- The IRS announced late Tuesday that its Electronic Filing PIN application was subject to an automated attack that the agency was able to discover and stop.
- The "identity thieves" used malware to try and generate E-File PINS from stolen social security numbers. The PINs are used as an additional layer of security for some tax returns. In combination with stolen SSNs, identity thieves could use the PINs to file fraudulent tax returns.
- Identity thieves used 464,000 unique SSNs in their attack, but only 101,000 of those SSNs successfully accessed a PIN.
Recently, the IRS has had a tough time. In an unrelated incident, last week the IRS tax processing systems suffered an outage, just as tax season is getting started.
With concerns about cybersecurity reaching a fever pitch in the federal government, officials are going to look to the IRS to perform and protect citizens filing their taxes. The IRS said no personal taxpayer data was compromised in the E-filing PIN breach and the agency is taking steps to notify impacted taxpayers.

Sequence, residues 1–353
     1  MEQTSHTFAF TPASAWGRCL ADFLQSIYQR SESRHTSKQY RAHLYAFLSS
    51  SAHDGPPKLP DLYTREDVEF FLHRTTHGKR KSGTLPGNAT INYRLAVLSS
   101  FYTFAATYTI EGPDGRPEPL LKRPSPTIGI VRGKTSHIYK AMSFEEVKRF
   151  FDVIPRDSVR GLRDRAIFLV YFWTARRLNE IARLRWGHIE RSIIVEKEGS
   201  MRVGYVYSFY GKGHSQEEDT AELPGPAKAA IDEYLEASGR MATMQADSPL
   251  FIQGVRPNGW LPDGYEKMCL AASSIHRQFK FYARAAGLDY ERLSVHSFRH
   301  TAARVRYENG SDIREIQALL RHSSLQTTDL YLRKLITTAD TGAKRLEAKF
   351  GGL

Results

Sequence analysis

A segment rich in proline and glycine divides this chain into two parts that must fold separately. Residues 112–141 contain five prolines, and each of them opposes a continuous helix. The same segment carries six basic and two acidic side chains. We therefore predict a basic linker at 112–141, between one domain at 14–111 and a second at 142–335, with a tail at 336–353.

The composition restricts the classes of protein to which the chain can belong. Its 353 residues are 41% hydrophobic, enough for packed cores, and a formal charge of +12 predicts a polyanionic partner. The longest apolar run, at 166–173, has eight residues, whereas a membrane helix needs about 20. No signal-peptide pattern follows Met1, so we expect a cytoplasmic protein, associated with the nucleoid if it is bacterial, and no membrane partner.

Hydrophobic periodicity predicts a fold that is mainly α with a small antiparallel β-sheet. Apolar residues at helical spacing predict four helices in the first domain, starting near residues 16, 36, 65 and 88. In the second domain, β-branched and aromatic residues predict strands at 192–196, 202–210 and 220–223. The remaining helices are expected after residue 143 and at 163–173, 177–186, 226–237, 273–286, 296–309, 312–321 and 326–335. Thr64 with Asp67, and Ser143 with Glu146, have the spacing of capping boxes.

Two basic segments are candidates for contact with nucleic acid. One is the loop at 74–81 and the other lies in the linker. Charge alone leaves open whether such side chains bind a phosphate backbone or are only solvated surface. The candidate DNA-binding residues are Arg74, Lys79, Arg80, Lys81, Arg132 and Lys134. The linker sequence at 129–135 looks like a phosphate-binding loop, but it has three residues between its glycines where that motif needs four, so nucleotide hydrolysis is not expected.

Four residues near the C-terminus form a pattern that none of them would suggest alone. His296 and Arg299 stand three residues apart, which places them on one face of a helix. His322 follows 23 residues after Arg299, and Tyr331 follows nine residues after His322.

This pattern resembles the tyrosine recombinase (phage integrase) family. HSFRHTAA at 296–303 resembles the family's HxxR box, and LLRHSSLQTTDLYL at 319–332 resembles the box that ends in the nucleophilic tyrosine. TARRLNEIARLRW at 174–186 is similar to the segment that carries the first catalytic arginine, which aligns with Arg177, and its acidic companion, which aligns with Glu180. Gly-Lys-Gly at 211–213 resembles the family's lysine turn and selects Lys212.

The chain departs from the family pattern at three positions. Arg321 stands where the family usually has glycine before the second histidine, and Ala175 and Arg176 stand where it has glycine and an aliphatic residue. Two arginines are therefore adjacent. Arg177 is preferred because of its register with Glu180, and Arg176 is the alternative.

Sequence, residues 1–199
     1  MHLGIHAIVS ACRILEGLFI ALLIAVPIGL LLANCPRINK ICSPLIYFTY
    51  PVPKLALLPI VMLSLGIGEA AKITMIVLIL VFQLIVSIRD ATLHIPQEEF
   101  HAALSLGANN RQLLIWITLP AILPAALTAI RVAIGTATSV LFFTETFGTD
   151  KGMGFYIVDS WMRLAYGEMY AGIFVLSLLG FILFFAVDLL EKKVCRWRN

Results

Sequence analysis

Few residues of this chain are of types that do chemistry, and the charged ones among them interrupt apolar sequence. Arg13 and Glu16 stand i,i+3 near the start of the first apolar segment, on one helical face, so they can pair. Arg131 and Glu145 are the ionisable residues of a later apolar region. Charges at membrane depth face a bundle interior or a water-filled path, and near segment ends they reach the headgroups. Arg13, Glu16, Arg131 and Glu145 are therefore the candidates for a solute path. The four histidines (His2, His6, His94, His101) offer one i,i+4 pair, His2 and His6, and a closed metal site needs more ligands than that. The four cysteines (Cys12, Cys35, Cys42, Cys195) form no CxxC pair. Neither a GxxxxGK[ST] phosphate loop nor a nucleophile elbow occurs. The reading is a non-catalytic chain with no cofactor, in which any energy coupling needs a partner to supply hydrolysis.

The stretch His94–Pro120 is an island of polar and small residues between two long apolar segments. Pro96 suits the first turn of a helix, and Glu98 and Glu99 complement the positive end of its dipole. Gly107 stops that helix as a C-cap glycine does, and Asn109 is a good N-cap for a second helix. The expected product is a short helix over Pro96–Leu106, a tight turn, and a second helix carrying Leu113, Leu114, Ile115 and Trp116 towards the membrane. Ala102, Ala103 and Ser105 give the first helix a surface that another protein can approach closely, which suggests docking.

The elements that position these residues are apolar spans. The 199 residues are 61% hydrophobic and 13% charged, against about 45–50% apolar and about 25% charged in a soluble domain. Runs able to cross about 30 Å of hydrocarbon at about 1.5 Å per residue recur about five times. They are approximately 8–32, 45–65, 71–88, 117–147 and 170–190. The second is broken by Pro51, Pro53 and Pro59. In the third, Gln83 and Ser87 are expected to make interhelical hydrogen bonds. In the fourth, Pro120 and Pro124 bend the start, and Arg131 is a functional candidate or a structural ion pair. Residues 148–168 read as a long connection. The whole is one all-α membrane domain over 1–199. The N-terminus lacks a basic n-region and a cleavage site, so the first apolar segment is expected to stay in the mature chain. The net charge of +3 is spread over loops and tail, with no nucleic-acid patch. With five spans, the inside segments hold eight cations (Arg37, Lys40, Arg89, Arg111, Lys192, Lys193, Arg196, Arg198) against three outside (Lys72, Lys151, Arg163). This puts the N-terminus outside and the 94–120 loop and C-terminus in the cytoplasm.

When identity thieves successfully file fraudulent tax returns, they receive the funds intended for the rightful taxpayer. Rather than exposing directory information like what happened to the FBI and Department of Homeland Security earlier this week, identity thieves can receive money directly from the federal government if their efforts prove successful.
The Obama administration is starting to get serious about cybersecurity. The administration wants to allocate $19 billion of its $4.1 trillion budget for cybersecurity. To top it off, the White House is looking to appoint its first ever Chief Information Security Officer to help coordinate all federal agencies. The CISO will be responsible for promoting strong cyber hygiene and improving computer security.